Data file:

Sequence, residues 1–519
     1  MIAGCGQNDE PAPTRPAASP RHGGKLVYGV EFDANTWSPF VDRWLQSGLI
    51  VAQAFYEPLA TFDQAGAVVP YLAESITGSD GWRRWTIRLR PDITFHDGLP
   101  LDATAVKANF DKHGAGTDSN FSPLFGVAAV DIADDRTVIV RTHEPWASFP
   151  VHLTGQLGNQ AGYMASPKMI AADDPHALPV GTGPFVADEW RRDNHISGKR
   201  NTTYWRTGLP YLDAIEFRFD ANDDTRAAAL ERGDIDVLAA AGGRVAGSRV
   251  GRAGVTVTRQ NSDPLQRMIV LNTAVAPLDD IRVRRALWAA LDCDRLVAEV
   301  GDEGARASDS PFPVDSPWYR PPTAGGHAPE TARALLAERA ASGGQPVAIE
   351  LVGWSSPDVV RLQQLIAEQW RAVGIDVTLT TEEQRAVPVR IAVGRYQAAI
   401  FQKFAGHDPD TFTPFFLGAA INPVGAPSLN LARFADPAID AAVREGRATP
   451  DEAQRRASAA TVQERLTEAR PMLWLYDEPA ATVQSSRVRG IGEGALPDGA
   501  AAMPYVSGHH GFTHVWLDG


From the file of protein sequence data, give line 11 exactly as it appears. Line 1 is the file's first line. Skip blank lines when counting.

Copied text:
   451  DEAQRRASAA TVQERLTEAR PMLWLYDEPA ATVQSSRVRG IGEGALPDGA